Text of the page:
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Nutritional Status of Women and Child Refugees from Syria — Jordan, April–May 2014

Oleg O. Bilukha, MD1, Douglas Jayasekaran, MS2, Ann Burton, MBBS2, Gabriele Faender, MPH3, James King'ori, MSc4, Mohammad Amiri, MD4, Dorte Jessen, MIC5, Eva Leidman, MSPH1 (Author affiliations at end of text)

On July 21, 2014, this report was posted as an MMWR Early Release on the MMWR website (

As a result of civil war, an estimated 2.8 million refugees have fled Syria and reside in neighboring countries, mainly Lebanon, Turkey, Jordan, and Iraq. The largest Syrian refugee camp in the region is Zaatari camp in Jordan, with approximately 79,000 refugees; another estimated 500,000 Syrian refugees live in Jordanian cities, towns, and villages, mostly in the capital (Amman) and in four northern governorates (Irbid, Mafraq, Jarash, and Zarqa). Although all registered refugees in Jordan receive food vouchers from the World Food Programme (WFP) and vulnerable refugees receive cash assistance from the United Nations High Commissioner for Refugees (UNHCR) and nongovernmental organizations, the nutritional status of some refugees might be compromised because of dislocation, lack of income, and limited access to nutritious foods. To assess the nutritional status of Syrian refugees, UNHCR, WFP, the United Nations Children's Fund (UNICEF), Medair International (a nongovernmental organization), and CDC, in collaboration with the United Nations Population Fund and the World Health Organization (WHO), conducted cross-sectional, population-representative cluster surveys in Zaatari camp and among refugees residing in the host community. The surveys were conducted during April–May 2014 with the principal objective of assessing nutritional status of refugee children aged 6–59 months and nonpregnant women of reproductive age (15–49 years). Preliminary findings indicated a high prevalence of anemia in Zaatari camp among both children and women (48.4% and 44.8%, respectively). Nutrition policies aimed at ensuring optimal child and maternal micronutrient status and addressing the underlying risk factors for anemia are likely to result in improved health outcomes and a reduction in anemia.

Global acute malnutrition in children aged 6–59 months is the principal indicator of nutritional status in humanitarian emergencies. Hemoglobin measurement is the most feasible method for assessing anemia, as a proxy for micronutrient status of the population in emergency field conditions. The cluster sample in Zaatari camp was selected using the UNHCR population estimates of camp districts and blocks, with systematic random selection of households within clusters. A representative cluster sample of refugees residing in the host community in Jordan was selected using lists of registered refugees provided by UNHCR. Six teams of four members each (an interviewer, two anthropometry measurers, and a hemoglobin measurer) received 6 days of training, including a field test. Children were measured using standard anthropometric procedures (1), and nutritional status was classified based on 2006 WHO growth standards (2). Hemoglobin in women and children was measured using HemoCue Hb 301. Anemia was diagnosed according to WHO thresholds* (3). Oral informed consent was obtained before the interviews and hemoglobin testing.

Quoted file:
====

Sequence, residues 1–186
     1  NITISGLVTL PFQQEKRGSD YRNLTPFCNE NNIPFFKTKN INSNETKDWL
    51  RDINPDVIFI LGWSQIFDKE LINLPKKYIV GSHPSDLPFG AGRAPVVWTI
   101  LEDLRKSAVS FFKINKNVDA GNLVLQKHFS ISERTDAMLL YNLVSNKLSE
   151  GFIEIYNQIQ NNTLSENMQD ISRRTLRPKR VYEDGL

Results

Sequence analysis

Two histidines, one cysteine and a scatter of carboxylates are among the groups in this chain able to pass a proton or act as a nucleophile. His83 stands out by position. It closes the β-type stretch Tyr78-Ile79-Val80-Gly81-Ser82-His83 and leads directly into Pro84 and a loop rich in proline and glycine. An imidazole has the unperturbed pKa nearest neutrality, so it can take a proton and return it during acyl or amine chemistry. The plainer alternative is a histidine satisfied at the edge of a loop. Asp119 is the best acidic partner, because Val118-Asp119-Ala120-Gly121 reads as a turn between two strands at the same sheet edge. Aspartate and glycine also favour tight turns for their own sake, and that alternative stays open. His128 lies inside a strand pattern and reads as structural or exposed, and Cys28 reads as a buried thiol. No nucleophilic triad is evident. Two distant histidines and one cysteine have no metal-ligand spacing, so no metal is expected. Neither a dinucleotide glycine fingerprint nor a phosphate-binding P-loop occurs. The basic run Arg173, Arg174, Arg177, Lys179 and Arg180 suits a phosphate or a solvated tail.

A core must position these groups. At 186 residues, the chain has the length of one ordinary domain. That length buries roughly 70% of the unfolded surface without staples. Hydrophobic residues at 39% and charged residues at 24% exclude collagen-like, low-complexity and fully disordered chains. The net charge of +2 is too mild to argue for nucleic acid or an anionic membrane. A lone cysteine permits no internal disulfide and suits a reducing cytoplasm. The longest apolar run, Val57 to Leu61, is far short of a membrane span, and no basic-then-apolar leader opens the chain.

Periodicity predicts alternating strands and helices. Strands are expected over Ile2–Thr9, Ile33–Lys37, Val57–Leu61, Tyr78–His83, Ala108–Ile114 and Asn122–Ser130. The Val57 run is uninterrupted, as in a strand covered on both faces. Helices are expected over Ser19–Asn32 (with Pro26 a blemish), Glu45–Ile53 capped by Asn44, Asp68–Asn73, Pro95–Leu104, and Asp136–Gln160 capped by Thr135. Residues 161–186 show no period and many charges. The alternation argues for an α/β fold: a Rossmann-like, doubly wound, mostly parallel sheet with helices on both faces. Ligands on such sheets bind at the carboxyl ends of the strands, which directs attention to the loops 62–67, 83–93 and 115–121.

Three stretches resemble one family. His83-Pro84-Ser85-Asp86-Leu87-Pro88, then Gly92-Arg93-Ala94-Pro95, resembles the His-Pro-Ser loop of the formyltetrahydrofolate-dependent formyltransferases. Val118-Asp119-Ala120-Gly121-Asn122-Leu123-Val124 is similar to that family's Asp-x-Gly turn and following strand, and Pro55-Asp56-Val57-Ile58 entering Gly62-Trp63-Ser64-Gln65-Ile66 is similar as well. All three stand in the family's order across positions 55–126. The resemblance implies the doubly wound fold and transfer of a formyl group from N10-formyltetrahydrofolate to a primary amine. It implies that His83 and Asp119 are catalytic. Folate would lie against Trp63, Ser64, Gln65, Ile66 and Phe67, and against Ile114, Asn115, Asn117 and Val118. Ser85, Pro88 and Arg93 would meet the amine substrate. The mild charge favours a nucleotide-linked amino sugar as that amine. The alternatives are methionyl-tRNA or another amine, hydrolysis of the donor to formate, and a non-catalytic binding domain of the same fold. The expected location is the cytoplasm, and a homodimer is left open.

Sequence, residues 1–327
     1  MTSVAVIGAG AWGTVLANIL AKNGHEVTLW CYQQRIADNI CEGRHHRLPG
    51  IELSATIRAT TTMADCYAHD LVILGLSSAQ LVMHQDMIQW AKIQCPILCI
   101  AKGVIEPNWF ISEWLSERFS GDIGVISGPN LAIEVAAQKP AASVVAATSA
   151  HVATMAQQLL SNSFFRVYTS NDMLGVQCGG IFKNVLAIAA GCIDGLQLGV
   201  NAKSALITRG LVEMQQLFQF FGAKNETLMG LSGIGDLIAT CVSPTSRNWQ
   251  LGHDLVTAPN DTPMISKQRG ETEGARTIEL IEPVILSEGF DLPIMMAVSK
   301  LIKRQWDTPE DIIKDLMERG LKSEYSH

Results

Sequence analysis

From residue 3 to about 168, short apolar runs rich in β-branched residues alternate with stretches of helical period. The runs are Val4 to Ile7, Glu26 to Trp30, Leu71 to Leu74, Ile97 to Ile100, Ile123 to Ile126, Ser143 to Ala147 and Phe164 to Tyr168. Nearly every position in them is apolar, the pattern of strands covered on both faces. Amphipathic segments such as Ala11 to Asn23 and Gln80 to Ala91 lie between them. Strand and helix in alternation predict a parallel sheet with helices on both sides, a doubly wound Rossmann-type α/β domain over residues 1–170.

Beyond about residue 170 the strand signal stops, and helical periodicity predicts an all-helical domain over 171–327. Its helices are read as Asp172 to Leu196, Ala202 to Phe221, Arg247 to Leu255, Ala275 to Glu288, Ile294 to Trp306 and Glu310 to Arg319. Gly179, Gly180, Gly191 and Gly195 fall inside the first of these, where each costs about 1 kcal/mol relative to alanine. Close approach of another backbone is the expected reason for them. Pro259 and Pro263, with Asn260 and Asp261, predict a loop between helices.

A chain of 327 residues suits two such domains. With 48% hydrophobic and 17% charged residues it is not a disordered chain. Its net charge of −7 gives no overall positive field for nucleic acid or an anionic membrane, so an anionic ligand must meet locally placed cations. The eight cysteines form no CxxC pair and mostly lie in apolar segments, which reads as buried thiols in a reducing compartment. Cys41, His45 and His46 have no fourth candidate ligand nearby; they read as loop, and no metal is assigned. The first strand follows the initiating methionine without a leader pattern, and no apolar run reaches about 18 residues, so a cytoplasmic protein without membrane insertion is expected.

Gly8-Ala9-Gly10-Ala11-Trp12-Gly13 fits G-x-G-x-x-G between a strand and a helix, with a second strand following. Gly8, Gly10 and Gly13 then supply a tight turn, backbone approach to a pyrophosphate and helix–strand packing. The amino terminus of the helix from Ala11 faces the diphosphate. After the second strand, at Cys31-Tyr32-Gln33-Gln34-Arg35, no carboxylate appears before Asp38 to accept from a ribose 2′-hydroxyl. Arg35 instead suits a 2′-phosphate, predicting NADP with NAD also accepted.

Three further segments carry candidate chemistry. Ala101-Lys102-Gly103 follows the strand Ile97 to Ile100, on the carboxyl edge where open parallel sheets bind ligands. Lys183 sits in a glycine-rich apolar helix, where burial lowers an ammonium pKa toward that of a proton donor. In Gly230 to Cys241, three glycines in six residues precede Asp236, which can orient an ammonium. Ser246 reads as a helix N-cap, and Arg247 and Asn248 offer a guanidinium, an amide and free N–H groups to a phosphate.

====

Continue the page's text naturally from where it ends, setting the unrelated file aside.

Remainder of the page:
Data collection in Zaatari camp and in the host community lasted 6 and 10 days, respectively. The final samples in Zaatari camp and the host community included 327 and 483 children aged 6–59 months and 314 and 630 nonpregnant women aged 15–49 years, respectively.

Preliminary findings indicated that the prevalence of global acute malnutrition among children was low both in Zaatari and outside the camp: 1.2% and 0.8%, respectively (Table). Mean weight-for-height z-scores in Zaatari and outside the camp were 0.26 and 0.23, above the WHO standard population mean, indicating that Syrian refugee children in Jordan on average were slightly overweight rather than suffering from wasting. The prevalence of chronic malnutrition (stunting) was significantly higher (p<0.05) in Zaatari compared with children outside the camp: 17.0% compared with 9.0%. Anemia prevalence in Zaatari camp in both children and women exceeded 40% (48.4% and 44.8%, respectively), indicating a problem of major public health significance, according to WHO classification (3). Anemia prevalence outside the camp was 26.1% among children and 31.1% among women, significantly lower (p<0.001 for both children and women) than the prevalence in Zaatari camp (Table).